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The Sultan’s Seal

By Jenny White
Published by Orion
Buy from Amazon
Book Description

The year is 1886. Kamil Pasha, a magistrate in one of the new secular courts is called to investigate in the middle of the night the a woman’s naked body washed-up the rocks by the Bosphorus. It belongs to an English governess in the employ of the granddaughter of the deposed Sultan, Abdulaziz.. Stranger still, is her one adornment is a pendant with the eponymous Sultan’s Seal – the same inauspicious piece of jewellery found on the corpse of another British governess murdered some year’s previously.

Jenny White, anthropologist turned crime writer, interweaves twin narratives of the two deaths linked by yet a third commentary in the form of letters home by Sybil, the feisty daughter of the British ambassador. The main story is told in the present tense, a slightly jarring devise but which suddenly makes sense when we realise that the second story has been written many years earlier. It is told to us by Jaanan, daughter of a foreign ministry official, and her tale of coming of age in a late-Ottoman household is an understated gothic horror.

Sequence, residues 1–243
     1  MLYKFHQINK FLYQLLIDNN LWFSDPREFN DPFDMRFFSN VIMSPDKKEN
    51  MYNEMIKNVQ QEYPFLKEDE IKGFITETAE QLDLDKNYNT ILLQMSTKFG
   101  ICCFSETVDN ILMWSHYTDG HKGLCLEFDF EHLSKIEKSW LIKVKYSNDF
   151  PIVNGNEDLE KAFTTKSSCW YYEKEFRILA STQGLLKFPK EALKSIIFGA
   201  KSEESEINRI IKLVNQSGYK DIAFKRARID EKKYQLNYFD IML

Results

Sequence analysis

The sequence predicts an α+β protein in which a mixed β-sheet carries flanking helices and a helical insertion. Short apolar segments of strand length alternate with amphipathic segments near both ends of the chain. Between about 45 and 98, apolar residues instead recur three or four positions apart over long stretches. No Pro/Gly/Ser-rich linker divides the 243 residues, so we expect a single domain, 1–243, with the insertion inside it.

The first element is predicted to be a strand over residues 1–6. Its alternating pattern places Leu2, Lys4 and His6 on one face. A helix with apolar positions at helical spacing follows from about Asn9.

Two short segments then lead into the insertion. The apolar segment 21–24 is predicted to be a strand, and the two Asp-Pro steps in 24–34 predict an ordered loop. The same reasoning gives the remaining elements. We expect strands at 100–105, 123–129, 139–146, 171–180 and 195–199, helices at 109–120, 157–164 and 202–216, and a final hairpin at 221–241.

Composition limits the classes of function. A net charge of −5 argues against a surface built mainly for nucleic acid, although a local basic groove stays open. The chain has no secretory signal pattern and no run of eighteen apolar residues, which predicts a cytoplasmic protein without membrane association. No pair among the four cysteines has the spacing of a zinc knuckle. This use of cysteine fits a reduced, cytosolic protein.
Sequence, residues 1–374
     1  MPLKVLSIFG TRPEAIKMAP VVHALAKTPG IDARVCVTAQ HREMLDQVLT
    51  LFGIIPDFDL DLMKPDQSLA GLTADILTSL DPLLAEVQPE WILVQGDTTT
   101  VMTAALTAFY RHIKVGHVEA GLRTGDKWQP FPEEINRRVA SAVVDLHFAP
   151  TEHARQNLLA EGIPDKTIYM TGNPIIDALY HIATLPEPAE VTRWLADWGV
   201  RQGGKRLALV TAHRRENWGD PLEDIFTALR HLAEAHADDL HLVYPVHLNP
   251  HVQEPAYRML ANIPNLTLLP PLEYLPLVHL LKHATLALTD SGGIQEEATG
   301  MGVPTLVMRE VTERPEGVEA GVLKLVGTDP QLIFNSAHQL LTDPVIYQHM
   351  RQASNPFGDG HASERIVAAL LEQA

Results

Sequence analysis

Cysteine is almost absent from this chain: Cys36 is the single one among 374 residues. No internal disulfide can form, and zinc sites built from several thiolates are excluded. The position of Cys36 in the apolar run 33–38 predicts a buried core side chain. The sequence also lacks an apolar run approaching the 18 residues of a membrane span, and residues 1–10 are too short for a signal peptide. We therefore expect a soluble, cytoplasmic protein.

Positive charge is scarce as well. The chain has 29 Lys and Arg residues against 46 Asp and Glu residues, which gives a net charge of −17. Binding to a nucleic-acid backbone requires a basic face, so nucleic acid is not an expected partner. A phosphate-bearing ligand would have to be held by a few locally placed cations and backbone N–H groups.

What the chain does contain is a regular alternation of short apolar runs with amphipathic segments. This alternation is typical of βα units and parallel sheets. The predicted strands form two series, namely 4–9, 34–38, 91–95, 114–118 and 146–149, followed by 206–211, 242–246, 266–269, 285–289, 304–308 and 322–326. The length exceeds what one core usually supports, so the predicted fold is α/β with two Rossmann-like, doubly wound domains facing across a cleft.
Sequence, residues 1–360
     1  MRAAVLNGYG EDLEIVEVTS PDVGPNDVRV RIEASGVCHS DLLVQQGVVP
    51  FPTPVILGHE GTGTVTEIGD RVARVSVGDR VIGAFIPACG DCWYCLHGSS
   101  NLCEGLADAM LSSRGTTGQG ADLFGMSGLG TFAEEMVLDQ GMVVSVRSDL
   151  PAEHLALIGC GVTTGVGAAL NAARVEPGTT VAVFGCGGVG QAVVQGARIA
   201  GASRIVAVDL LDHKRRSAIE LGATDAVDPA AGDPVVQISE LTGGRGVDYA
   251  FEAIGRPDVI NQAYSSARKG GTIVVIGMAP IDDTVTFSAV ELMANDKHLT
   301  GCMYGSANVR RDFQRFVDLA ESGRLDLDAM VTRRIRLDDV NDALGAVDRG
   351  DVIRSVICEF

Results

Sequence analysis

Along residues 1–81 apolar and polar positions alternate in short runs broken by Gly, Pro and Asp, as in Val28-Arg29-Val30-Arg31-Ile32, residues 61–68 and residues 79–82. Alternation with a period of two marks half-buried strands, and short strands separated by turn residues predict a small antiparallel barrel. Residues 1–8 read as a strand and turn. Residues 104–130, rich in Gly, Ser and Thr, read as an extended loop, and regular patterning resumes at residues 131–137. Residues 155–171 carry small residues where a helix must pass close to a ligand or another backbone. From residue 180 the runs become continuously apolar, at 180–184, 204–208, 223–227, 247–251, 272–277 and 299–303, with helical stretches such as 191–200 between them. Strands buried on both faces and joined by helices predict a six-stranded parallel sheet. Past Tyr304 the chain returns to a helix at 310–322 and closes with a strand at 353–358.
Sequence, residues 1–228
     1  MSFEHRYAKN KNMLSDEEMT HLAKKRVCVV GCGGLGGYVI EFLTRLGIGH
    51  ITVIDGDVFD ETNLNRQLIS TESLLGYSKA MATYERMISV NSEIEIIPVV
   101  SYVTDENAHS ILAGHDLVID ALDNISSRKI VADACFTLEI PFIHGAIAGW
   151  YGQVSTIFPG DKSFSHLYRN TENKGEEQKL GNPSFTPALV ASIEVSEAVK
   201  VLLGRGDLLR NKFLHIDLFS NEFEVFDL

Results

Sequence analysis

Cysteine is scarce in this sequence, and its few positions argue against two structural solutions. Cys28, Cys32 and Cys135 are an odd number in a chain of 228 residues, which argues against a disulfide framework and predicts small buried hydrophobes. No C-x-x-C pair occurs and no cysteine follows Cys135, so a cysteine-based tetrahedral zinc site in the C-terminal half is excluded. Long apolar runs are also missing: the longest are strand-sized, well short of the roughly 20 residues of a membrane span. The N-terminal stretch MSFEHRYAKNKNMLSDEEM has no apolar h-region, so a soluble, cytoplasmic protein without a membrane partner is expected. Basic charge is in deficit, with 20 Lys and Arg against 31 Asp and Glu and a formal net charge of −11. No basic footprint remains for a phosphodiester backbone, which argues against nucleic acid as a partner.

The Sultan’s Seal is the first of a projected Kamil Pasha series, a dark tale that would appeal to the Victorian characters it describes. The eunuchs here are not cuddly Ms Marples but mutes with ripped-out tongues and dangerous eyes. White has a convincing feel for the late Ottoman period and more than any of the other books in this review, the setting rings true. I suppose this applies to Kamil Pasha who, in bureaucratic fashion, sets out full- steam with good intentions but by the end of the book sits back to let the mystery resolve itself. This it does in a cascade of information and a cliffhanger will-he-won’t-he arrive in time to rescue la belle Sybil from one of those murderous eunuchs and a fiendish moving floor. Review by Andrew Finkel: Nothing but the Sleuth, Cornucopia 36.

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